Saturday, 27 June 2009

The Helen Keller Day






June 26th 2009 in Second Life sees twentyfour hours devoted to accommodating people with deafness or that are blind in virtual worlds. There is a series of places to visit, things to do, talks and games to play, more information can be found on the wiki http://blinddeafawareness.pbworks.com/Press-Release, the press release explains what the day is all about.

Linden Lab collaborated with Virtual Helping Hands to produce the day. It was designed as a community-event to examine the best ways and tools to support disabled people and explore how people with various disabilities can be entertained and achieve education etc., through being in a virtual world.

The highlight of the day for me (apologies to anyone blind or deaf who was looking for something more along the lines of what was provided), was the trained dogs. The dogs that I was playing with are created by the same people who developed Max the guide dog and they are just wonderful. I have every intention of going back and buying one 
I am living in hopes that Hope is still available!

The Holodeck Challenge

Visit the Flickr SLExperiments page to see a collection of photographs from earlier today:
http://www.flickr.com/groups/980856@N23/

Weeks ago the SLExperiments group and Osnagroup embarked on a project to build and share holodeck scenes that could be used for teaching languages.
It has finished today as a challenge but of course will never finish so long as people still keep finding the scenes useful and creating them!
About a dozen scenes were shared this afternoon, a Venezuelan shop with musical instruments, hammocks, vegetables, pots and flowers ready for one to haggle over the prices and pass the times of day, an Italian cookery lesson with free recipes and hover text explaining what all of the items are. There were four gardens, all very different, Mary has made two with notecard readers, Word Rez, lots of tools that are quite formal and very organised, Dennis has created the Dogme garden, a beautiful place to sit and talk and the fourth is the one I created, a very simple just grass, trees and seating.
There was a clothes stall ready for discussion on colours, costs, names of clothing and an Italian food and vegetable shop, a reading room where groups could discuss texts etc., a street with stalls where avatars can sell their own items, discuss needs and haggle over the price and a build not quite ready yet based on the English poem by Edward Lear called the Owl and the Pussycat.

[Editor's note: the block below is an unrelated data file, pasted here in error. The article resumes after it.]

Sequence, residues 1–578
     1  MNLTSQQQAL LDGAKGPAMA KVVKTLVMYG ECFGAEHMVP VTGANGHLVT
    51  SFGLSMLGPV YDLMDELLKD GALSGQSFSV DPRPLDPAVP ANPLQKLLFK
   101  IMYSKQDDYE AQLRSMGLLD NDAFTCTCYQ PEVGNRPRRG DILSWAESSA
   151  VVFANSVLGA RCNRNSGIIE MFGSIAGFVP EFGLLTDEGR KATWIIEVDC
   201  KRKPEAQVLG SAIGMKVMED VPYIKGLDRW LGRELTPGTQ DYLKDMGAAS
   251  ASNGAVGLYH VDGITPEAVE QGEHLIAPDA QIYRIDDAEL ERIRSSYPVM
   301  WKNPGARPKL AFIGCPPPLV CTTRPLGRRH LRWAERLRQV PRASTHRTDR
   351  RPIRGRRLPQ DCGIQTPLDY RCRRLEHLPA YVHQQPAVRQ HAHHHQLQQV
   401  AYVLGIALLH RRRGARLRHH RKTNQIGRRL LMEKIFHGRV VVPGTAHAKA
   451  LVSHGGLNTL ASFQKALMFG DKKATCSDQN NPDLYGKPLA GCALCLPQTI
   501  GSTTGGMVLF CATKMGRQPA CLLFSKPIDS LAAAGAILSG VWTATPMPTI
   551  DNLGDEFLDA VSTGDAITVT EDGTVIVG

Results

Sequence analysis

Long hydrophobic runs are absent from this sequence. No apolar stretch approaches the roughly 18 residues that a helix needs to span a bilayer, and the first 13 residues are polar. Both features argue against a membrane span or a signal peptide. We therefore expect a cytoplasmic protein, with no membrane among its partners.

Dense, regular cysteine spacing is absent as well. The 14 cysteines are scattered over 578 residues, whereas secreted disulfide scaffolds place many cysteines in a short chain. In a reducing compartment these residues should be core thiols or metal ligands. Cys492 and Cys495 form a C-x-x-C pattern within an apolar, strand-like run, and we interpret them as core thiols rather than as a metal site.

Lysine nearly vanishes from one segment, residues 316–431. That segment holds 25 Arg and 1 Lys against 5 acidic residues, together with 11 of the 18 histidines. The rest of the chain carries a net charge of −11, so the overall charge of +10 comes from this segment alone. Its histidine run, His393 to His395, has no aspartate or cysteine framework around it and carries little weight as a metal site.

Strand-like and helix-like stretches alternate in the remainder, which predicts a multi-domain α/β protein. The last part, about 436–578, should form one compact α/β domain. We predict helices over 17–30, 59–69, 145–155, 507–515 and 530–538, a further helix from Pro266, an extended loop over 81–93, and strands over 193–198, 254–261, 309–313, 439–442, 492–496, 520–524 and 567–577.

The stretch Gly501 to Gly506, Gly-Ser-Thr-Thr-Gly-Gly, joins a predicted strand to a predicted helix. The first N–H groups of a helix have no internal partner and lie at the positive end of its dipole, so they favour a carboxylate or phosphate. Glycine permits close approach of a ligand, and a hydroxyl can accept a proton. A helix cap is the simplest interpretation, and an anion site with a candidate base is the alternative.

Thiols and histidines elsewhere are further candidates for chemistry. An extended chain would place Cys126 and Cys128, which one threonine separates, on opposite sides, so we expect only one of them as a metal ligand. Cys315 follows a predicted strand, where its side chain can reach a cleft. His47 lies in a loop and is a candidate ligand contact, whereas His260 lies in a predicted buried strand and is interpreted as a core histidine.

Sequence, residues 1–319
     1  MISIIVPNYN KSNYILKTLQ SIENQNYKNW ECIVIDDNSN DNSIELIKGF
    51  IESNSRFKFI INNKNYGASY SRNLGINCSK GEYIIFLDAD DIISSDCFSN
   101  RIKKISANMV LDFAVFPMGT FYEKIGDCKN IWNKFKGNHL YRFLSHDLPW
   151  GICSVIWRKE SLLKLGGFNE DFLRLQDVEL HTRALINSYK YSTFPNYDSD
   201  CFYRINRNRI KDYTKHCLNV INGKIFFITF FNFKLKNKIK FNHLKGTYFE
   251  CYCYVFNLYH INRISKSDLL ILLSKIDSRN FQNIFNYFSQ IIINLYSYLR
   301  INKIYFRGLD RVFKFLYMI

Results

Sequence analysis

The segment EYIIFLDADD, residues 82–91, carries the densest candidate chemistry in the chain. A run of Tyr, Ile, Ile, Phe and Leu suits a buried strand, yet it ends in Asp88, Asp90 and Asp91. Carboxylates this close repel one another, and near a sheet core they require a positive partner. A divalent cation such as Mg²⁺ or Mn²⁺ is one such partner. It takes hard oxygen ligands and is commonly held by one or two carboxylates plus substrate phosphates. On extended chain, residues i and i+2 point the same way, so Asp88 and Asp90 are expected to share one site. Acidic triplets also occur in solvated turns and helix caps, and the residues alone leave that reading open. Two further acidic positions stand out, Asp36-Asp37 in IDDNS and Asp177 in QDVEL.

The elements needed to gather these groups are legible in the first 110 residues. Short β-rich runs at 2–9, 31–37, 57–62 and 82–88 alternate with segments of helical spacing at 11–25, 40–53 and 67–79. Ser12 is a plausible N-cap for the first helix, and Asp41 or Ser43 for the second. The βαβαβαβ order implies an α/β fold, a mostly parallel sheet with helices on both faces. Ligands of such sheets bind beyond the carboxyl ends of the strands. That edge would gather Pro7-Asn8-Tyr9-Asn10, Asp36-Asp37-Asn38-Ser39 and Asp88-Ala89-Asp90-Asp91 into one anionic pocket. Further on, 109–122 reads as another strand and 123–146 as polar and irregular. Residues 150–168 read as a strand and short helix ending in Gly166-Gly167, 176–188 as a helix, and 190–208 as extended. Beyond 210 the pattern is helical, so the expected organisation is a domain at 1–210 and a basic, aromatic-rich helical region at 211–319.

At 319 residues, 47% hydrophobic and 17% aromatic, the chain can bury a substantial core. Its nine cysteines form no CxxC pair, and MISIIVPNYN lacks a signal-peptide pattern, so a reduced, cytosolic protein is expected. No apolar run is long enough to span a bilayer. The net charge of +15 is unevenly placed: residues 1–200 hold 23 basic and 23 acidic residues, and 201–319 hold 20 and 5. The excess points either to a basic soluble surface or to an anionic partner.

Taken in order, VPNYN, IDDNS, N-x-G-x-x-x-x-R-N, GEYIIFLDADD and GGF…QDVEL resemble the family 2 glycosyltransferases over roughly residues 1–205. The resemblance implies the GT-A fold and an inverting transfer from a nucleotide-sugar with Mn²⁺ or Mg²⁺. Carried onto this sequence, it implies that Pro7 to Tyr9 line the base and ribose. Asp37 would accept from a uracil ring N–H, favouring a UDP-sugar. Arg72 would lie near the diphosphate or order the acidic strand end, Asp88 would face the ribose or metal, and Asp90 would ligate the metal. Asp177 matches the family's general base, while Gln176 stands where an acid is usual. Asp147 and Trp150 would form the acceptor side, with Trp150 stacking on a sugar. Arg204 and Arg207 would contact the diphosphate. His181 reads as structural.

The afternoon was very enjoyable and very successful!

SL6B


Well I have a plot on SL6B, I am very thrilled! In the first year that I was in Second Life I did little except tried to learn what it was all about and how to do things but in my second year I have done a Burning Life, Education Faire and now the 6th Birthday Celebration exhibit and it feels like I have really achieved something! Also, of course, and probably more importantly I have done the e-safety training sessions for teachers which are running for the third time now.

I had already spent a load of time building the main part of the sampler disco set over the spring so when I got a plot with a few days to put something together it did not take a massive amount of work, just some time to pull it all together with the aid of a SL friend and colleague Often Hird!

We had a small party on Thursday evening and Anna Begonia took a film clip – which was a lovely surprise. :-) Thanks Anna!

Sunday, 21 June 2009

Reaction Grid

From the web:

Create, learn, share and, explore on ReactionGrid - the 3D Virtual World for business, education, collaboration, and learning. Microsoft Case Study here.

We offer a
PG/PG13 experience with content created by our residents (often refered to as Gridizens), and provide a friendlyand open environment for all to come and share thoughts and ideas. http://www.reactiongrid.com/TheRGTeam/About.aspx